Tim Phillips

In 1980, Americans decided they’d had enough unemployment, high taxation and spending. They didn’t know the details of Reagan’s plan, but they had a sense of his vision for individual freedom and limited government. They also knew that the current President was only making things worse. In firing Jimmy Carter, they voted with hope that a different President would be a better President. This is still the decision we face today.

Alarmingly, Americans today have begun to accept high unemployment, debt, and rising energy prices as the new normal. As a result, many Americans are less willing to hold their President accountable for a lackluster economy or weak jobs market. The perk and the penalty of the job of President of the United States is that you are responsible for everything, the good and the bad of the economy. We must hold our elected leaders accountable for the economic situation they have helped create, and make a decision based on the merits of their actions, or inactions. The voters of 1980 knew that, and made the right choice.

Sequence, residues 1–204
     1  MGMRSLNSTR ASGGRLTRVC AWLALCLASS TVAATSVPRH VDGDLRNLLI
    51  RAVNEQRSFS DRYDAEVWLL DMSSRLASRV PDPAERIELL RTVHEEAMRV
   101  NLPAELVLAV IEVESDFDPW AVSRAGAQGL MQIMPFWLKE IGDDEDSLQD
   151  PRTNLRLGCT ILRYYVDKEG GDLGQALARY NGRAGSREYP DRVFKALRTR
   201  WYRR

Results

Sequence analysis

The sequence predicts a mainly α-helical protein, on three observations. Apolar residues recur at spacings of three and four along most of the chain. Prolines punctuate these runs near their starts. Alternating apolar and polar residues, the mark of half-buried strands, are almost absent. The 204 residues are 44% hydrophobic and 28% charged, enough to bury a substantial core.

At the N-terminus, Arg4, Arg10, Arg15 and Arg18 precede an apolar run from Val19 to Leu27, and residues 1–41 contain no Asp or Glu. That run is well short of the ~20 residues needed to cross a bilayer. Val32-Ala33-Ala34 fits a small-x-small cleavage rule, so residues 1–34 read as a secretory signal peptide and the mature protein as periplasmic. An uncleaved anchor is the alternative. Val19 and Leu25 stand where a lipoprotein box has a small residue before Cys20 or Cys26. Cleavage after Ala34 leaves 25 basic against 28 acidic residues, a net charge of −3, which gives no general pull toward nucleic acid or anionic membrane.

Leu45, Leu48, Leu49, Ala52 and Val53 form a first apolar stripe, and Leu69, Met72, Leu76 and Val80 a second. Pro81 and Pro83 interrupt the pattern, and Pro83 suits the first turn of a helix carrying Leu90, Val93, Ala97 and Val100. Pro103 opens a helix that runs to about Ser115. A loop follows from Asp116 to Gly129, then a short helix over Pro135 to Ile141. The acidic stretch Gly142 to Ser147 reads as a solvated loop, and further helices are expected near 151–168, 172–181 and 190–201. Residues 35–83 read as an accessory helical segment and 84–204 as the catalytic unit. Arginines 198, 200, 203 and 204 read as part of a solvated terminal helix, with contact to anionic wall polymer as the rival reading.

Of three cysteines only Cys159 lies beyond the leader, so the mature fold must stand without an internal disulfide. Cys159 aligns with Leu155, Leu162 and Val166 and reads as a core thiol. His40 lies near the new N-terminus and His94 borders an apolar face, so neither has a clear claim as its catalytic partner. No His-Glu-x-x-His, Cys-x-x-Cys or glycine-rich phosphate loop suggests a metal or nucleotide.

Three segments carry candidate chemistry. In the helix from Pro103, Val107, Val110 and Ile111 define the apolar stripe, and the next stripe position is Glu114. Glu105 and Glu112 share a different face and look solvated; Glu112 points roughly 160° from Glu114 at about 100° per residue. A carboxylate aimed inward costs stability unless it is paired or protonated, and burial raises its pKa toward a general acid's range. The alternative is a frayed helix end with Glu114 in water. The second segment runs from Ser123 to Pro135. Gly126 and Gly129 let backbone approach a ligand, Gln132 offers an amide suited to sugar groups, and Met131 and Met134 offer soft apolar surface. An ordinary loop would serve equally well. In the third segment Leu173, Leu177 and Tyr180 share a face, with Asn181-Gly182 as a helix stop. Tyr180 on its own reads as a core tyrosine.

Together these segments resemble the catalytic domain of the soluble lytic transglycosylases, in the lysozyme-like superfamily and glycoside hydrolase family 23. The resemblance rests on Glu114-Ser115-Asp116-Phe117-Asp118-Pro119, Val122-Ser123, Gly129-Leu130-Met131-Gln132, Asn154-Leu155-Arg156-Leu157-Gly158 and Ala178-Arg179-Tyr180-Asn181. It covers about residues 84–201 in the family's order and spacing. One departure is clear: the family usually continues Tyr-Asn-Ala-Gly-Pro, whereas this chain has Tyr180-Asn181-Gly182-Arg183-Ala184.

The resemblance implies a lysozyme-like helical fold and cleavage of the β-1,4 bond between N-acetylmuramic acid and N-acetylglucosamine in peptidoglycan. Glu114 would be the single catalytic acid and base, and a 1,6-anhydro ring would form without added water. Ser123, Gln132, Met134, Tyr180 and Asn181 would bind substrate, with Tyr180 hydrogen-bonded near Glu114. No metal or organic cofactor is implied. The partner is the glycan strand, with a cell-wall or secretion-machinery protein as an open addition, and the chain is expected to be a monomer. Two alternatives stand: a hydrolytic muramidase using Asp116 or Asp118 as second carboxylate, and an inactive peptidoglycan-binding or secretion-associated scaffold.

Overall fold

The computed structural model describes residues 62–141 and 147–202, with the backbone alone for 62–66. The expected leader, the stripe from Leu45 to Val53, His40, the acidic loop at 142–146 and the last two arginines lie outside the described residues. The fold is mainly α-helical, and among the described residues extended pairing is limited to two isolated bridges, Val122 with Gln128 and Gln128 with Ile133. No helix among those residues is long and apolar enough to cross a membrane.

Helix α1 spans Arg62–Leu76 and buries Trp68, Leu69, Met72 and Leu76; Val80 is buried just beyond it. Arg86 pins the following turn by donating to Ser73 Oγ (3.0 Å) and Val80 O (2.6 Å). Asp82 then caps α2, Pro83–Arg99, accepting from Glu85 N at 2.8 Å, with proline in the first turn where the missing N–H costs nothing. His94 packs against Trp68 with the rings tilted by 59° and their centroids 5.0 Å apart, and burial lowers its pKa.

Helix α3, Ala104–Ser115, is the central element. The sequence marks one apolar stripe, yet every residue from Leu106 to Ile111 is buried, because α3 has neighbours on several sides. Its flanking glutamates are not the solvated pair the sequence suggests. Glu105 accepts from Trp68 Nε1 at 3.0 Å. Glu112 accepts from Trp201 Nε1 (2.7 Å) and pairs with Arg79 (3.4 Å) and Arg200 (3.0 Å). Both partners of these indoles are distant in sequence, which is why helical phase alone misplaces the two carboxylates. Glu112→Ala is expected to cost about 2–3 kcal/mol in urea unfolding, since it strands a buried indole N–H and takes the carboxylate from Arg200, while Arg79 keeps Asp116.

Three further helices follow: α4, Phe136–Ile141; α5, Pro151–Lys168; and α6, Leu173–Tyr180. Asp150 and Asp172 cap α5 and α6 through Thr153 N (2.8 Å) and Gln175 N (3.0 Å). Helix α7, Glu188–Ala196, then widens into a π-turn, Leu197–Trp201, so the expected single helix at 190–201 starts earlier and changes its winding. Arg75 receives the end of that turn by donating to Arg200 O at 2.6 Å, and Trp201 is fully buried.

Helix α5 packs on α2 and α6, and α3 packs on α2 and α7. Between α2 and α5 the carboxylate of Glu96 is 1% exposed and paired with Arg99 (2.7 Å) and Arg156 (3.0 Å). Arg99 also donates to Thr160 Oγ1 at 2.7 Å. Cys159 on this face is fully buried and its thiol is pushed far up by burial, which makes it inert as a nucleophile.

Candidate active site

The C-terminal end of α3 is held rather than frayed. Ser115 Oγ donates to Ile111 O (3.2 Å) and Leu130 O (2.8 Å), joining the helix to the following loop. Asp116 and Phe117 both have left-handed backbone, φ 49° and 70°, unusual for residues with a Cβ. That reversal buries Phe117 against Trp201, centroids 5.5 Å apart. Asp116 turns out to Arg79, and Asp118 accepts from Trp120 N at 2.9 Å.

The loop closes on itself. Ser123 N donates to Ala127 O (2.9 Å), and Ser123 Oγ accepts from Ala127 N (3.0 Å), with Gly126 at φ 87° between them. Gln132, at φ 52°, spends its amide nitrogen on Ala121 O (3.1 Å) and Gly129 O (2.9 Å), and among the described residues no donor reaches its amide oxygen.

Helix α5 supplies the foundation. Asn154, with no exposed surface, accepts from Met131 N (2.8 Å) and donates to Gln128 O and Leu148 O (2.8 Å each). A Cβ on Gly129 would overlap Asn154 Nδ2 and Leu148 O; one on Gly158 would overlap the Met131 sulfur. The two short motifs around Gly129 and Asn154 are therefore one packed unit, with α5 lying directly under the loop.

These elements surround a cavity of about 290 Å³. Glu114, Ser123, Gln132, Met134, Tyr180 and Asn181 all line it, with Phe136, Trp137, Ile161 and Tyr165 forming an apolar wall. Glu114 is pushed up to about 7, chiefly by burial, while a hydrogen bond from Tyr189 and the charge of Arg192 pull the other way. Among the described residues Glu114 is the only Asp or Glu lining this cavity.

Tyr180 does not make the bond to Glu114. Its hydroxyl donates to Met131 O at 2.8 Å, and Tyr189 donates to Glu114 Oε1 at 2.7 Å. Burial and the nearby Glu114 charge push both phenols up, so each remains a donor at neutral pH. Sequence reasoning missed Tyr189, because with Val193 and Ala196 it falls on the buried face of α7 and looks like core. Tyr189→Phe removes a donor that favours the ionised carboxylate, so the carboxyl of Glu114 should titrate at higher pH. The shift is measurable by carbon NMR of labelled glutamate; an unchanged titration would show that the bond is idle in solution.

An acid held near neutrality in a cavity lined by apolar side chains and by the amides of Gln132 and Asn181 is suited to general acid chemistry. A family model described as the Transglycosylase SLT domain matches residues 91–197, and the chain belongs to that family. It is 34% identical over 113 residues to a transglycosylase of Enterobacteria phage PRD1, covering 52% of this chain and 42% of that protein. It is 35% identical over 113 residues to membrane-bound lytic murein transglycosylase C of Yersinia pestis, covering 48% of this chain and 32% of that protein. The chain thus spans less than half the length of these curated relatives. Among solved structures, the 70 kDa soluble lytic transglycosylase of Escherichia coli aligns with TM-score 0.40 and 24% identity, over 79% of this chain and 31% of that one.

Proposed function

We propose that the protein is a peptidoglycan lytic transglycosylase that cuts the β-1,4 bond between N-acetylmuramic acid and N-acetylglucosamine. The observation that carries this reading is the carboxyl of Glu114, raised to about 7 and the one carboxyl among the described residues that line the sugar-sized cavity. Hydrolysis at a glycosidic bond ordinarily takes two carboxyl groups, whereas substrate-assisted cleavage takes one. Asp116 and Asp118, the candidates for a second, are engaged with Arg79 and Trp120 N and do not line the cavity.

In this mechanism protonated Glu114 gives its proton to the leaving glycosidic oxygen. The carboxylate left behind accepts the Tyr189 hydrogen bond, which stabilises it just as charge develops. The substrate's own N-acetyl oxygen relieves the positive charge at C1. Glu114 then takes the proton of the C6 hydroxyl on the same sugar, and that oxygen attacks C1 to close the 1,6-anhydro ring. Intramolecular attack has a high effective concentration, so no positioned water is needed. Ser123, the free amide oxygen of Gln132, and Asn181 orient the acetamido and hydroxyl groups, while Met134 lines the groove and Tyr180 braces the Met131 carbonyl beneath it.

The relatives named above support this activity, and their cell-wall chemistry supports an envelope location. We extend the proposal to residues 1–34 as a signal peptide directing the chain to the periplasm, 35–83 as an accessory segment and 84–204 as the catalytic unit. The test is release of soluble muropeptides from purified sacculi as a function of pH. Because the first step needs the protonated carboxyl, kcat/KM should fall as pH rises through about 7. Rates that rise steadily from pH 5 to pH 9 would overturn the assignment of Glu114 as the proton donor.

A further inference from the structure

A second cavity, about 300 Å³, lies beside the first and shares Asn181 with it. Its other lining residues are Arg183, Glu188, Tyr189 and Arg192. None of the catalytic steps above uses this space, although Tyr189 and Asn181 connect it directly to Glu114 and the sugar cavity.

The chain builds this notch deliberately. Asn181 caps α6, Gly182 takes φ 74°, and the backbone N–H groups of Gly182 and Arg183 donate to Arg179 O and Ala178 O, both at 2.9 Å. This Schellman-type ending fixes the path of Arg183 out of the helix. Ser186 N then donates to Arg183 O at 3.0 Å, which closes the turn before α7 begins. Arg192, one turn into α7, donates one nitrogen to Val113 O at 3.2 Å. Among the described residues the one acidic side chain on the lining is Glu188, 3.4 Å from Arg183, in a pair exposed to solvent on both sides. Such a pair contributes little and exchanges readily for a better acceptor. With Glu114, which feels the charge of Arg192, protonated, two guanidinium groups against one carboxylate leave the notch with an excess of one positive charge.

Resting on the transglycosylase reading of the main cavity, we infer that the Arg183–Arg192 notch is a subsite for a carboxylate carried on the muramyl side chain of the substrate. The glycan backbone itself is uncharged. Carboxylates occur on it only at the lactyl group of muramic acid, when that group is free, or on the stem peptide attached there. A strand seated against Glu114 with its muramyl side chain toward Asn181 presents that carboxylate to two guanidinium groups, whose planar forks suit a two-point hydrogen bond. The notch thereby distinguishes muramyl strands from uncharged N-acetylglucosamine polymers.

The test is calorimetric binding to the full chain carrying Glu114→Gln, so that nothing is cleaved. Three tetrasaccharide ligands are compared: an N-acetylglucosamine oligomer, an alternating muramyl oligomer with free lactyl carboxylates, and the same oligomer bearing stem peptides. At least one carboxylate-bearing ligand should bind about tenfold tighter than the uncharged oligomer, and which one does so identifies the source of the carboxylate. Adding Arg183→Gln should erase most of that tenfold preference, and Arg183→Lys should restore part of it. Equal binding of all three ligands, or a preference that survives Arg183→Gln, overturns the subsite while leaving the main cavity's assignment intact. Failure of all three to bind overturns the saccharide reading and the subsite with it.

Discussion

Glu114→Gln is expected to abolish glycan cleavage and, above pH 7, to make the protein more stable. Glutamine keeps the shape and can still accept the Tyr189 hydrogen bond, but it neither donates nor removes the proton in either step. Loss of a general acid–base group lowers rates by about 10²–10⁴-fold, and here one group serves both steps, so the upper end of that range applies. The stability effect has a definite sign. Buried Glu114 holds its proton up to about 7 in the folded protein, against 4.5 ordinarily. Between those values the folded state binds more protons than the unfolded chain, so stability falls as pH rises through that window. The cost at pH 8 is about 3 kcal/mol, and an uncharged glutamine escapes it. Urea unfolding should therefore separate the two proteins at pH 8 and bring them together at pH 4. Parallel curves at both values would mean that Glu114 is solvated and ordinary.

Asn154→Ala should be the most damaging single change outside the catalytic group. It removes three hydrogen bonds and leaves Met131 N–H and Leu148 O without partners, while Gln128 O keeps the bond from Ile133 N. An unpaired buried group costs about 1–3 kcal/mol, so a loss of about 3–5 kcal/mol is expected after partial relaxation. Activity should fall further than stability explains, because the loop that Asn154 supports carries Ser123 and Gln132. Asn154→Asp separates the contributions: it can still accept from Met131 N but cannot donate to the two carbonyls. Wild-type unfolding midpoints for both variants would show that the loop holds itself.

The election of Ronald Reagan ushered in a period of economic growth and a boom in American jobs unlike anything we’d seen in decades. It wasn’t immediate. In fact, Reagan’s Republican Party suffered devastating losses in the 1982 election. But even in the face of these short-term losses, President Reagan remained true to his principles, and as a result our country benefited from the greatest sustained economic recovery in modern American history. Reagan’s economic policies reassured business owners and calmed the nerves of people throughout the country, who in turn began hiring and producing again. This man led and changed the course of our country for at least two decades, establishing our country as not only the beacon for the free world, but an example of the success of economic freedom.

As we are living in a remake world, let’s hope the American people remember the history lesson from 1980 and once again reject big-government policies that have set our economy back years. If not, we already know what to expect: four more years of failing policies, fewer jobs, and more debt.